Sacred Land Vs. the Origin of Land Ownership
|January 13, 2014||Posted by Staff under Editorials|
This 2013 excerpt of the Hampton Institute, Dec 27, is by Jeriah Bowser. In 2014 the full article appeared at Truthout, Jan 12.
Unless I purchase a piece of land, I will forever be a serf to a landowner, forever paying “rent” to another person who “owns” the land I am living on. And even if I do manage to acquire a parcel of land, I will be forced to pay taxes to the government in which ‘my’ land is located in, or I will have ‘my’ land forcibly taken from me. There is simply nowhere to live for free, no public areas, no “commons” with which one can live simply and quietly without having to participate in industrial society.
Completely foreign to humanity for over 200,000 years was the concept of private property while sacred land was familiar.
For those of us who are not landowners and don’t have the economic means to purchase and then free land, there are still many actions we can participate in: squatting, eviction-resisting, and communal housing. Participating in or starting a land conservancy is a great way to preserve and reclaim land. Engaging in direct-action to protect land-grabs by government and corporate powers is another way that you can participate in this movement.
Ed. Notes: Is owning land wrong? Don’t people need a place to call their own? A tribe of hunter/gatherers in Africa, the Ik, have the custom of a “di”, a place reserved for just one person where he can sit in full view of others and be ignored, just as if he were in a private home. Perhaps the actual problem is absentee ownership.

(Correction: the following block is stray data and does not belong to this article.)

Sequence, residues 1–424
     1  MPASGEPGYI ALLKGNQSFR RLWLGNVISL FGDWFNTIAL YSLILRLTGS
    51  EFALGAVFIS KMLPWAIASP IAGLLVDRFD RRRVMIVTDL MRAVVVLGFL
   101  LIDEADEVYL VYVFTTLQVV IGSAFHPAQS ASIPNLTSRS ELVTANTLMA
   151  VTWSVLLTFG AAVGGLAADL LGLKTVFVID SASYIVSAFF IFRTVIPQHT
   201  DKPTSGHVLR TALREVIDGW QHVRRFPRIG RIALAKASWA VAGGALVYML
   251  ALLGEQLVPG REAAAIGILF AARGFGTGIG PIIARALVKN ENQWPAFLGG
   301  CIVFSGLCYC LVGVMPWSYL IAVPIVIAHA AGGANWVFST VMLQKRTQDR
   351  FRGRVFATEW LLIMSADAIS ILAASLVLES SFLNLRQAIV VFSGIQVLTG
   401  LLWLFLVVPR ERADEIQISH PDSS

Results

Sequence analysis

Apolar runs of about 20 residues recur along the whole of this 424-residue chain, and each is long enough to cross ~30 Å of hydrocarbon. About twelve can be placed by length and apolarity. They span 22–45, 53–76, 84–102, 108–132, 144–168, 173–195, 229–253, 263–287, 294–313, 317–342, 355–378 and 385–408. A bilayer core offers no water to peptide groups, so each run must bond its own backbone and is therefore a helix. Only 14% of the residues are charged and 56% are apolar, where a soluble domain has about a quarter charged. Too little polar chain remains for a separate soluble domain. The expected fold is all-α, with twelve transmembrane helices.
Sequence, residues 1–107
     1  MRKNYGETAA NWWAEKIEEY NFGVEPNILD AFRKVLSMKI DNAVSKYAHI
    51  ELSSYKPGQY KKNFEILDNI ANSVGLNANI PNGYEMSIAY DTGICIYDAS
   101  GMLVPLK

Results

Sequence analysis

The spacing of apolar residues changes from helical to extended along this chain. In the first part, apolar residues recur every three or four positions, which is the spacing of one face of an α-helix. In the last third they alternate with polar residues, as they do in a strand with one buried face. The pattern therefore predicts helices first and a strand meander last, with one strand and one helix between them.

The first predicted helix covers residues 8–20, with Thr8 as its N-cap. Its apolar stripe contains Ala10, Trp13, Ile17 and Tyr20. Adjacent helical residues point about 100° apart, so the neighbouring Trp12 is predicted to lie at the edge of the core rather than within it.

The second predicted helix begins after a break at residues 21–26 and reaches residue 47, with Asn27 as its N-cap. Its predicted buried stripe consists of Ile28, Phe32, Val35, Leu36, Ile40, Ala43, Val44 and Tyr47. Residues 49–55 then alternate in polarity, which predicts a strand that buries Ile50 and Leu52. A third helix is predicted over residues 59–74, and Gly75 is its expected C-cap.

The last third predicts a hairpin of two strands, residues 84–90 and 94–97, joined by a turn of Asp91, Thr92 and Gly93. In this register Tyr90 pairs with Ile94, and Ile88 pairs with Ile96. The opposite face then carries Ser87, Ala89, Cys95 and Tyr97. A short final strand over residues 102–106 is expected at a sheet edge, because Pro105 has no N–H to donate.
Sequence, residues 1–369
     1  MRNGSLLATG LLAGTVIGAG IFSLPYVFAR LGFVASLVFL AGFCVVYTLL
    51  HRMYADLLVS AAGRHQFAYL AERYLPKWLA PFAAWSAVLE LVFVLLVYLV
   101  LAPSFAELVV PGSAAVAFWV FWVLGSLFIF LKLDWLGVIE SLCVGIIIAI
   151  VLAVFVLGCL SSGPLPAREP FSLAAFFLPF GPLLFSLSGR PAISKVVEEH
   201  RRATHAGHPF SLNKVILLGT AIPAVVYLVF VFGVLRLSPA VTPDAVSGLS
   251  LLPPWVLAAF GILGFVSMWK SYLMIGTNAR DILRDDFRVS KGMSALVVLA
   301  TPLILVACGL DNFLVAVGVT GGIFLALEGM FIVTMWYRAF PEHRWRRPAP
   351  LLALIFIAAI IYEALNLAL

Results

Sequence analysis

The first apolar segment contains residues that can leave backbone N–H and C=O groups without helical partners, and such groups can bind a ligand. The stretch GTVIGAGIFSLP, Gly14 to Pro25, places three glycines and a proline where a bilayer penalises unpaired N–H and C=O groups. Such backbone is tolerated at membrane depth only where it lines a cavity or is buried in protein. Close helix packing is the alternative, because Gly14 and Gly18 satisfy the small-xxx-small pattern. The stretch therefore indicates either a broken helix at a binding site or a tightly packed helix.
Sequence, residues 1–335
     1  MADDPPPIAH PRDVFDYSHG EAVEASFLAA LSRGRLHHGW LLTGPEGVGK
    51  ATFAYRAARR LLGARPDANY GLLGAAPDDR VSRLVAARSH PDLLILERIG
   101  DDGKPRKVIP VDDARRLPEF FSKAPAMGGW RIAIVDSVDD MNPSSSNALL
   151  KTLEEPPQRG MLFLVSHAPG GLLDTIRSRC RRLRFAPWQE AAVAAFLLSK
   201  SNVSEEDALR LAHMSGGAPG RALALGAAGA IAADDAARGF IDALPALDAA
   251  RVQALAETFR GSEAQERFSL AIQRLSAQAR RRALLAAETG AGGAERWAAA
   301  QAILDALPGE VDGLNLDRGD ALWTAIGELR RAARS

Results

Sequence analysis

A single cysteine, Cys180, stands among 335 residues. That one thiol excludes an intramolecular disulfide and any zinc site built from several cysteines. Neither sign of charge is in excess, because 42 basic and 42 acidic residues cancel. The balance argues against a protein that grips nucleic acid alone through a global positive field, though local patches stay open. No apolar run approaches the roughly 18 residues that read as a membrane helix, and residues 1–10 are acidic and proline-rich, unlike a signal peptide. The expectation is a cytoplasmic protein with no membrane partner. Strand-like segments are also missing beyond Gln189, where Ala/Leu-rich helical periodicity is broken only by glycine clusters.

Further, even before the planet got crowded, people have always competed for the same parcel or region. Often they settled claims by killing. Now where there isn’t much room for commons — and even within commons people long for the right to a particular site — isn’t paying money for some land an improvement on violence?
Happily, having to pay for land can also force absentee ownership to retreat and owner occupancy to expand. Where societies levy a land tax, or a property tax which contains the land tax, having to pay for land on an ongoing basis makes it not profitable to be a middleman. So the grasping landlords who had too much sell off their excess and speculators don’t even bother to accumulate an excess of land.
Far better than paying site rent to the government, however, is paying it to one’s community. Then residents would not only pay Land Dues for the parcel one claims but also get paid a fair share of the amassed dues that all one’s neighbors pay: Land Dues into the public treasury, Rent Dividends back out to residents, somewhat similar to what Aspen CO and Singapore do. It’s a third-way alternative to renting land, to buying land, or to paying land (or property) taxes.
One would expect this sharing of socially-generated land values to strengthen one’s ties to both community and to the earth.